Painting Hanging in the Minnesota Military Museum Summer 2023


July 5th 2023

Today I was finally able to have time to meet Charles Kapsner at the Minnesota Military Museum and see the painting there for myself. Seeing it hanging in the frame on a blank white wall is incredible. One of the most touching parts is that it is in the same room with Charles Kapsner’s historical new painting for the Minnesota women in the guard. My father raised a daughter like those women. I think there is significance in that.

It was a call sunny summer morning when I arrived on base. I handed my driver’s license to the guard who scanned it and gave it back and I drove forward. As you approach the museum you drive past tanks, helicopters, and other military equipment on display. There is a small parking lot alongside the building and I pulled up next to Charlie’s car. We plan to also exchange most of the items I left with him while he was creating the painting, he doesn’t need them anymore and it is time for me to figure out what to do with them next.

I got out of the car with a handful of brochures I had printed to be shared with the painting and walked into this one level, very simple looking building to the welcome space. I paid my $5 admission and ask if they knew where Charles was. They said he was back by the exhibit. So, I headed on in to see where it was located. I walked through the guns and ammo section, entered and walked through the World War II section and then into the hallway of Vietnam stories that lead to the small room with the Best of Him painting on the left wall, with a display case below it displaying some of Charles paints and a paint pallet. I was stunned by how lovely it looked with lights on it. It is hard to imagine that it will soon hang in my house, on my wall. Right now it’s most valuable when it is out telling it’s story and passing the word about grief, love, PTSD, and family.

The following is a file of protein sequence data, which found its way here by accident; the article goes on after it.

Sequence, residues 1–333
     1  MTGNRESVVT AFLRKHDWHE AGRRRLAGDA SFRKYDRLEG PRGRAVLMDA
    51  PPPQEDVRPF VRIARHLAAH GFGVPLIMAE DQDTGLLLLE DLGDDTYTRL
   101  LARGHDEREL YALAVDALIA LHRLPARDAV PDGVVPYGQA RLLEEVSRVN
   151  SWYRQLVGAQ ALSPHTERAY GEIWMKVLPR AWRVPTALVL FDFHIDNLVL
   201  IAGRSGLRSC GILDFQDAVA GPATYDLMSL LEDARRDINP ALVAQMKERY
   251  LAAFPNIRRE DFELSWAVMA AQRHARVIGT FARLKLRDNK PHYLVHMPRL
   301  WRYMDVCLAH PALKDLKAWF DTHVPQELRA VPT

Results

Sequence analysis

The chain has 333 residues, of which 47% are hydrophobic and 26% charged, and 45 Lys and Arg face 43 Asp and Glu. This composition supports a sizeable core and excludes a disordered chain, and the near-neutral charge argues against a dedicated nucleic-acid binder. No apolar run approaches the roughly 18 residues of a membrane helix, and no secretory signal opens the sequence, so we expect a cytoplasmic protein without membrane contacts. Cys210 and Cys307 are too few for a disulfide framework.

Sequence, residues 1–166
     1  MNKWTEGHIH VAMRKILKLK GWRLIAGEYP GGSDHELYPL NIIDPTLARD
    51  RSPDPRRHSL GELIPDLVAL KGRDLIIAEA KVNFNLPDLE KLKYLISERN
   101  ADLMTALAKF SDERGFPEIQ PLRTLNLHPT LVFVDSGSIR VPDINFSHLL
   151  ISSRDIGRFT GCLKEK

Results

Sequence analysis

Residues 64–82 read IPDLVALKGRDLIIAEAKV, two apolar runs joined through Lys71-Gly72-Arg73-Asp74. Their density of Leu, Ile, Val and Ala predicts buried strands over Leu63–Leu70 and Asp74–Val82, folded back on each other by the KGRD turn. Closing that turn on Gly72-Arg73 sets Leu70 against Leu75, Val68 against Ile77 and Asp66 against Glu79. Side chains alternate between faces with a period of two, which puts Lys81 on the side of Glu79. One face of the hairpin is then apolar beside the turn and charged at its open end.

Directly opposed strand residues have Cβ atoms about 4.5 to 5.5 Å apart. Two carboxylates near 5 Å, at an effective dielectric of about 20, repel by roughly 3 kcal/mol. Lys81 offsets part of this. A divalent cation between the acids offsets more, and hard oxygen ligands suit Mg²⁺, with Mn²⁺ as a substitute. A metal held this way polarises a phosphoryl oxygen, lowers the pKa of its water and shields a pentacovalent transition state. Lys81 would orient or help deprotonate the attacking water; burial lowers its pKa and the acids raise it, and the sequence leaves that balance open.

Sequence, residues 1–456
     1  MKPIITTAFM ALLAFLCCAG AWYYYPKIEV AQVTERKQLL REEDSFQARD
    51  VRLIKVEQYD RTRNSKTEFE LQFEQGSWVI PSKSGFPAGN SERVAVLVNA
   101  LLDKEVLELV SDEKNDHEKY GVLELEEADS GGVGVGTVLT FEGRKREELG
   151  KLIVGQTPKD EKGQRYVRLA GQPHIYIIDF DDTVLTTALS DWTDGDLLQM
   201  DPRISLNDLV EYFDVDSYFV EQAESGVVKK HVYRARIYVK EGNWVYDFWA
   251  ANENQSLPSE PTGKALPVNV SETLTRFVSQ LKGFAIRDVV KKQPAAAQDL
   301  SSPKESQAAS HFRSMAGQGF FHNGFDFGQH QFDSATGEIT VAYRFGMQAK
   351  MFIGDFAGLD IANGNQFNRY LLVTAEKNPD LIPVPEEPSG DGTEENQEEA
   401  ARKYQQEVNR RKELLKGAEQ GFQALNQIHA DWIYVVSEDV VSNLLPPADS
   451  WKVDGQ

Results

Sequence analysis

Charles and I hugged and then we just stood there, taking in the art and its beauty. The room also has stories on the hallway wall from the start of the Vietnam war and on the wall to the right it has the drawings that he did for each of the people in the Minnesota Women of the Guard painting. He does a stunning job of drawing people’s faces and capturing so much of their presence.

After we admired and talked a bit, I took some photos and then we walked out to our cars and exchanged the items I needed to take. After he drove away to get back to his study to continue working on his current flower painting, I went back into the museum and made some videos and took a few more photos. I took time to just sit and be with the memory of my dad and the love he had for me and my brothers.

When I look at this painting right now, it really does help me feel the best of him is still around. As though he is near and still somewhat present. It is a good feeling and one that often brings tears to my eyes. Having it at the museum for the summer is such an honor and I am hoping to make additional connections to continue to allow the painting to be shared with others and hopefully touch other people’s lives in some way. I continue to believe its journey is only at the beginning of its purpose.

Thank you to Charles for helping to make this happen and to Doug Thompson curator at the Minnesota Military Museum. The Minnesota National Guard is currently preparing to build a new military museum on land that was donated for that purpose and right next to the cemetery. More details to come about that.